Fire

Emergencies follow no set schedule and can happen at a moment’s notice. So when firefighters with the Fairfax County Fire and Rescue Department file into the Wellfit center in Chantilly, they often bring their equipment with them, leaving their gear near the entrance and trucks parked out front in case their shift is called into action.

The Wellfit center offers strength training and physical therapy for Fairfax County’s finest and is part of an all-encompassing strategy FCFRD has undertaken that is unique in the country. Alongside these services, the department provides dietary guidance and behavioral counseling for an all-encompassing approach to ensure firefighters are in the best shape possible to perform their arduous tasks. 

It’s an approach that “breaks down the barriers to care,” said Battalion Chief Brian Edmonston. The program is proactive as well as reactive – firefighters who receive proper physical training are less prone to injury, and those who become injured can be more swiftly rehabilitated to be ready to return to the field. “We continue to build you back up,” he said.

Responding to emergencies begins with healthy meals, which firefighters tend to have little spare time to prepare. That’s why Megan Lautz, the department’s specialized dietician, works closely with them to devise nutritious eating habits.  

“If you’ve ever worked with a firefighter, they love meat and don’t have a ton of time for fruits and vegetables,” Lautz said. “We know they need more fruits and vegetables, to hydrate and cut back on caffeine,” which is why her approach is focused on “creating a balance to be empathetic to the lifestyle.” 

Visiting the Wellfit center, which is open 24/7, is not required for the 1,400 firefighters with the department. Though mandatory options are being explored, the current focus is on positive incentives to draw shifts in. 

And the facility, equipped with a full range of fitness equipment, offers what many firefighters are looking for: trash talk, loud music, camaraderie, and overall, a good time. “The energy is changing,” Edmonston observed, which is building out a more robust “esprit de corps.”

Five days a week, the workouts are supervised by the department’s Strength and Conditioning Coordinator Jake Patten. Before joining up with the department, Patten worked with athletes in the NCAA, a specialty that equipped him for the role of training first responders, who are classified as tactical athletes. 

But the transition to training first responders was not without challenges. Whereas athletes follow rigid timetables structured around a season, first responders’ schedules are far more erratic. 

Devising workouts over a months-long period for firefighters, whose shifts can be called upon at any time, can complicate fitness plans. Along with promotions, transfers, vacations, and childbirth, adherence to an organized workout routine can be difficult. “Every day is a different day. I have to stay on top of my coaching game,” Patten said. 

One of the largest difficulties the program overcame was the pandemic. Though the Wellfit center stayed open, the pandemic disrupted normal routines, and it took many months for crews to cautiously return. The center took numerous precautions – relics of which persist in the rust on equipment left by repeated sanitation – but with time, things eventually returned to normal, and programs are back in full swing. 

Alongside shifts coming in for normal workouts, injured firefighters arrive for separate rotations as well, where they work with Physical Therapist Nathan Pierce. Overseen by Pierce, firefighters can suit up in their equipment, which weighs upwards of 70 pounds and perform their usual duties, like lifting ladders, in a controlled setting.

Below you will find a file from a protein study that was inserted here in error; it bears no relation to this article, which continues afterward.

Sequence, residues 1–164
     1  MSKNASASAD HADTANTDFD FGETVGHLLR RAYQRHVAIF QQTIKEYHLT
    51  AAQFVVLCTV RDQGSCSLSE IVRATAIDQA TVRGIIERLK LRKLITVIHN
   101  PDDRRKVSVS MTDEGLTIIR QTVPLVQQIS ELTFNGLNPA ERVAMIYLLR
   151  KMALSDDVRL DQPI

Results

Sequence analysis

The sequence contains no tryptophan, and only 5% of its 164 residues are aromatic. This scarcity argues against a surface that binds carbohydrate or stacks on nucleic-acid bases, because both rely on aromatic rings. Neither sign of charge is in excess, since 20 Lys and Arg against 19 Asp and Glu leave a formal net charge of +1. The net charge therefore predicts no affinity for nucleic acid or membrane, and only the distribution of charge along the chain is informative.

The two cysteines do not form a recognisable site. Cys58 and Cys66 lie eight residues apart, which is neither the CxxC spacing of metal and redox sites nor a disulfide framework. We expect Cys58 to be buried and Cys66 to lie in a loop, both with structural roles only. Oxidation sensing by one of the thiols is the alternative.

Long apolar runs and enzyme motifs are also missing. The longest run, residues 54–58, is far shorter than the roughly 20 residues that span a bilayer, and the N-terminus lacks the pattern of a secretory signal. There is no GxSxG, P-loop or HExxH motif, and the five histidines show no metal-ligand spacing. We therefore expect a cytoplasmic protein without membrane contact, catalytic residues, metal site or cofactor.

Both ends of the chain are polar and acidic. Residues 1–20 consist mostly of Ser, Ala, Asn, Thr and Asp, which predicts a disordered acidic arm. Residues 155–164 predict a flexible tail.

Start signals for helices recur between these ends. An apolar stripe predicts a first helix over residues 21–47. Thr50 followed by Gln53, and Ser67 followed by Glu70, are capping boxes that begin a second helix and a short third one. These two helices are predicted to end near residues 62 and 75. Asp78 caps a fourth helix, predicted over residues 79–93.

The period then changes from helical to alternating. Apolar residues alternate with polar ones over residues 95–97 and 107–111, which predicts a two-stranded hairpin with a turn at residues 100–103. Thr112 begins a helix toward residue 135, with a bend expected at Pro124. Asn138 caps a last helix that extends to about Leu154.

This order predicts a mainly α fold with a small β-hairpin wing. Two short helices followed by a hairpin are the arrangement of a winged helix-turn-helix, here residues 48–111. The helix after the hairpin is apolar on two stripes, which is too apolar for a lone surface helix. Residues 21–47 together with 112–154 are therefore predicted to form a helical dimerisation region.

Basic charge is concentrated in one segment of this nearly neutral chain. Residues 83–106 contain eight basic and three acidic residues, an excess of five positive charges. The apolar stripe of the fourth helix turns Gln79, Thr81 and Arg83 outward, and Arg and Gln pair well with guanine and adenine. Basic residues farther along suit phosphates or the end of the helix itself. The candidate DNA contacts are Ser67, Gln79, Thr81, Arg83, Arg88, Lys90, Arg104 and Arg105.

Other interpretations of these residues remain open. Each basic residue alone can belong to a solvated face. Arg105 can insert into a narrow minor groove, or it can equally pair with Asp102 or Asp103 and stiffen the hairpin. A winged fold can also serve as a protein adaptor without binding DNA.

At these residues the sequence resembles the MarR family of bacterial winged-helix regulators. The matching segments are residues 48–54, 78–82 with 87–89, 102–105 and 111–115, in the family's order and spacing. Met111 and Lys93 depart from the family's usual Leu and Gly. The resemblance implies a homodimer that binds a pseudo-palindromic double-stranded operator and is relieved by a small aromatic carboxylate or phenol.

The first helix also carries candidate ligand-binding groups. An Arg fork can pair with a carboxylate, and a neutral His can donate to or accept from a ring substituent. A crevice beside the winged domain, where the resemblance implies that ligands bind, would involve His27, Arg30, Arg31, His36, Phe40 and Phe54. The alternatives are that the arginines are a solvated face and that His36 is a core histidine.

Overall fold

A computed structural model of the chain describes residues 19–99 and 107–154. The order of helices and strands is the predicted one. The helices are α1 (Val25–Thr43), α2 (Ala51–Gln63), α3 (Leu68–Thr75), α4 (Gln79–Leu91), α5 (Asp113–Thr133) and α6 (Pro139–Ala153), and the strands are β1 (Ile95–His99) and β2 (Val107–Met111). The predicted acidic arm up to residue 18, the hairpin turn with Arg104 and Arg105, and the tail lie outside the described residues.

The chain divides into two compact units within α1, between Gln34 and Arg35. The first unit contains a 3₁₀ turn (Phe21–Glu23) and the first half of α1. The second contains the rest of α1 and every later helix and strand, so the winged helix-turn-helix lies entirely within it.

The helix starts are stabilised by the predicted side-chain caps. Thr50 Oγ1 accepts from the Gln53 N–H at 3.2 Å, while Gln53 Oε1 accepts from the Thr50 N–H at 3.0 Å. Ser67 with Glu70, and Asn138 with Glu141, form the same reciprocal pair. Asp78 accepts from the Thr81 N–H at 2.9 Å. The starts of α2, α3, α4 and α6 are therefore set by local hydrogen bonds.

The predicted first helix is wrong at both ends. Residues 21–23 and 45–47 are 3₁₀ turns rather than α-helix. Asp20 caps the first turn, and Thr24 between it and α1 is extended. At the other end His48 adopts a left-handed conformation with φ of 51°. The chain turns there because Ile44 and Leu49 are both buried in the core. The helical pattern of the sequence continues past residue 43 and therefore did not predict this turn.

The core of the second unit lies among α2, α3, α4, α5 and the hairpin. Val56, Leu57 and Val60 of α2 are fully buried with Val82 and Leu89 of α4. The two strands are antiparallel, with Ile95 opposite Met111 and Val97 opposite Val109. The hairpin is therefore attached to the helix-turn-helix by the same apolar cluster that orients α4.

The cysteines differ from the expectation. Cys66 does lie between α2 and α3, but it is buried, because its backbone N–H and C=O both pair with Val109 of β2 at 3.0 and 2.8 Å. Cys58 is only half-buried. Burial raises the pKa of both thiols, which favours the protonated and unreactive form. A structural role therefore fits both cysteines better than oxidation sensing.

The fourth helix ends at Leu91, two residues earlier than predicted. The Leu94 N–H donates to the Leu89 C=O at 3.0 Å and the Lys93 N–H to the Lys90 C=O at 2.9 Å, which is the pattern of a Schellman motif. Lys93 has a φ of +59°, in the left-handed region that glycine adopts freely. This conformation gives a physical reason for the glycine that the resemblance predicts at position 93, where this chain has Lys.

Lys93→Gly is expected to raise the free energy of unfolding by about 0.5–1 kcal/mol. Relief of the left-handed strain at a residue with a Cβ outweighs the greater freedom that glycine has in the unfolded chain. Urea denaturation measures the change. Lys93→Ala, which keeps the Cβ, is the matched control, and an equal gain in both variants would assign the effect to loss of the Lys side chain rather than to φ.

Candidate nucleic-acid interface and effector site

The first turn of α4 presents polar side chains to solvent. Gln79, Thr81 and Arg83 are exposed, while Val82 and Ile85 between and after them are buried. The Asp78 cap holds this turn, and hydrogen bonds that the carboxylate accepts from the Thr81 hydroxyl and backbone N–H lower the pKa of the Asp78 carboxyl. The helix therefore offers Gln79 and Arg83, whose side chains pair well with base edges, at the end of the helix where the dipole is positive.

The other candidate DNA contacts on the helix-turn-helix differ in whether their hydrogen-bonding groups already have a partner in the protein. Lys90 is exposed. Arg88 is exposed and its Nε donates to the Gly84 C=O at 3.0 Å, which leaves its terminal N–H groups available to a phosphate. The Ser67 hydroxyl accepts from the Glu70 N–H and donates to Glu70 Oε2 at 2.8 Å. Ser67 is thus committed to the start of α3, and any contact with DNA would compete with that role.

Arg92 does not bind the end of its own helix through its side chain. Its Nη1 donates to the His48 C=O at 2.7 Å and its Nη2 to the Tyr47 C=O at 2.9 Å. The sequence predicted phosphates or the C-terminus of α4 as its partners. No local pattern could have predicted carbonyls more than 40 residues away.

In addition to physical therapy, Pierce strives to educate firefighters on the science of pain to help them better understand their impairments, the most typical of which is a shoulder injury. “Pain science is as important as the modalities we do,” Pierce noted, which is especially important given the psychological stress firefighters are under. 

“The things they see on a daily basis, it can ramp them up,” Pierce said. “Educating them on phases of healing and tissue healing times is really important. If they don’t know what’s wrong, fear creeps in, which ramps up the sympathetic nervous system, which then makes them more sensitive to pain.” Pierce also steers away from the “s-word,” which is surgery, a taboo concept for many first responders.  

Sometimes, a psychological burden can weigh just as great, or even more so, as physical pain, which Pierce and other staff vigilantly look out for. “If I sense any psychological yellow or red flags, I’ll ask them if they’ve talked to anyone about this,” Pierce said. Firefighters are usually fairly “stoic, but it takes more strength in a lot of cases to say, you know what, I’m not fine,” he said.

That’s where Dr. LaShanna Newton, the department’s director of the Behavioral Health Program, comes in. Newton works directly with first responders, who when needed, can get a response time typically within 24 hours. 

“With first responders, it is a very intermittent but consistent exposure to trauma,” Newton explained. For the duration of their shift, “they’re going to have 24 hours of potential exposure to trauma. So what we’re trying to do is learn how to manage that in between the time they’re not on shift. And that’s hard to do because feelings are not like light switches.”

Newton noted that the need for the care is high, and as barriers come down, more first responders are comfortable seeking out the support. 

“People put them on a pedestal as if they can handle all disasters of the world,” Newton said. “To a degree, they can, but they still need support. And we need to be able to provide a safe space for that,” she added. “At the end of the day, they are still human.”

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